• 2 The amendment to section 25, insofar as it affects Santa Fe and motor racing events generally, provides an exemption from Board standards for monitoring noise and from regulations prescribing limitations on noise emissions where:

(1) the event takes place at a motor racing facility in existence prior to January 1, 1975;

(2) the contest or demonstration is conducted in accordance with the standards and rules of specified private organizations; and

(3) the contest or demonstration is conducted with the endorsement of one of the specified private organizations.

Without an "endorsement" from one of the named private organizations, any motor racing event must comply with the Board's noise pollution standards and regulations. We believe granting the power of "endorsement" to these groups constitutes improper delegation of legislative authority. The amendment improperly delegates to private groups the right to determine which events will be exempt from the law and which will not. As was the case in Rudman, the private organizations here are not accountable to the public and they do not substantially represent the populace of the areas affected by the amendment. And to paraphrase the Dryer Co. court, the will of the associations is thrust upon the public at large without regard for the necessity, beneficence or reasonableness of their actions. The legislature's delegation of the power to endorse is to private organizations whose interests may be adverse to the interests of others similarly situated or directly affected by the exercise of the power delegated.

Santa Fe argues it is proper for the legislature to adopt the standards of the sporting groups named in the statute. It contends the delegation here is analogous to the power given the American Bar Association by Supreme Court Rule 703(b) (Ill. Rev. Stat. 1977, ch. 110A, par. 703(b)) which provides in part that applicants seeking admission to the bar must have graduated from "a law school approved by the American Bar Association." This requirement, which apparently is common to most of the States, has consistently been upheld when challenged on the ground that it unconstitutionally delegates judicial power. (See, e.g., Appeal of Murphy (1978), 482 Pa. 43, 393 A.2d 369; Potter v. New Jersey Supreme Court (D.N.J. 1975), 403 F. Supp. 1036, aff'd (3d Cir. 1976), 546 F.2d 418.) We believe the cases are distinguishable. In Murphy the court found there was in fact no delegation of a judicial function. Rather, the Pennsylvania Supreme Court had "chosen to avail itself of the results of the ABA accreditation procedure, and accepts and adopts the ABA listing." (482 Pa. 43, 393 A.2d 369, 372.) More importantly, in both Murphy and Potter the courts took judicial notice of the ABA's purpose of upholding and maintaining the highest traditions of the legal profession and its long-standing concern with the quality of legal education in this country. Thus, the State's interest in assuring qualified legal practitioners was commensurate with the ABA's interest in maintaining high standards among law schools.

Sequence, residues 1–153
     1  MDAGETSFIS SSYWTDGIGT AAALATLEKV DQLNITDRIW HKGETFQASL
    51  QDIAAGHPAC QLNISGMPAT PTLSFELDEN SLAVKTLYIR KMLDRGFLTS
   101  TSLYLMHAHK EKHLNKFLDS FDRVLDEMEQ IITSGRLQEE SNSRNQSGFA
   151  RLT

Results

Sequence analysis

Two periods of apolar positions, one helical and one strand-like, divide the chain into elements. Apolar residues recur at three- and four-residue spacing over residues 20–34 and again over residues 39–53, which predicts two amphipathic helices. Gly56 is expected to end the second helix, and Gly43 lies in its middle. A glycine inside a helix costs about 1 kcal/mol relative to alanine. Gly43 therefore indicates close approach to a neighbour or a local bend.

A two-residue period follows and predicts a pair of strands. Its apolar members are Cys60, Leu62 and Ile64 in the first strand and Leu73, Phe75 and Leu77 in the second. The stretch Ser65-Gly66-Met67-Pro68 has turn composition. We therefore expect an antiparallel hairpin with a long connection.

Here, by contrast, the Association of Motor Sports of Illinois, the organization which endorsed Santa Fe, described its corporate purpose in its Articles of Incorporation in the following terms:

"[T]o promote, encourage, and develop the interests in the sport of motor racing in Illinois; to represent the interests of participants in the sport of motor racing in Illinois; and to generally do every act and thing that may be necessary, proper, advisable, convenient or useful for the accomplishment of the purpose of the business."

The legislature's presumed intent in enacting the amendment to section 25 was to provide an exemption from noise pollution regulations for some motor racing events. The corporate purpose of the Association of Motor Sports is unrelated to the legislature's presumed intent. Therefore, we are not persuaded by the analogy to the ABA's law school approval process.

Due to our disposition of this argument we need not address the other issues concerning the statute.

For the foregoing reasons the Board's order which granted Santa Fe's motion to dismiss is reversed and the cause is remanded for further proceedings.

Reversed and remanded.

JOHNSON and ROMITI, JJ., concur.

19800410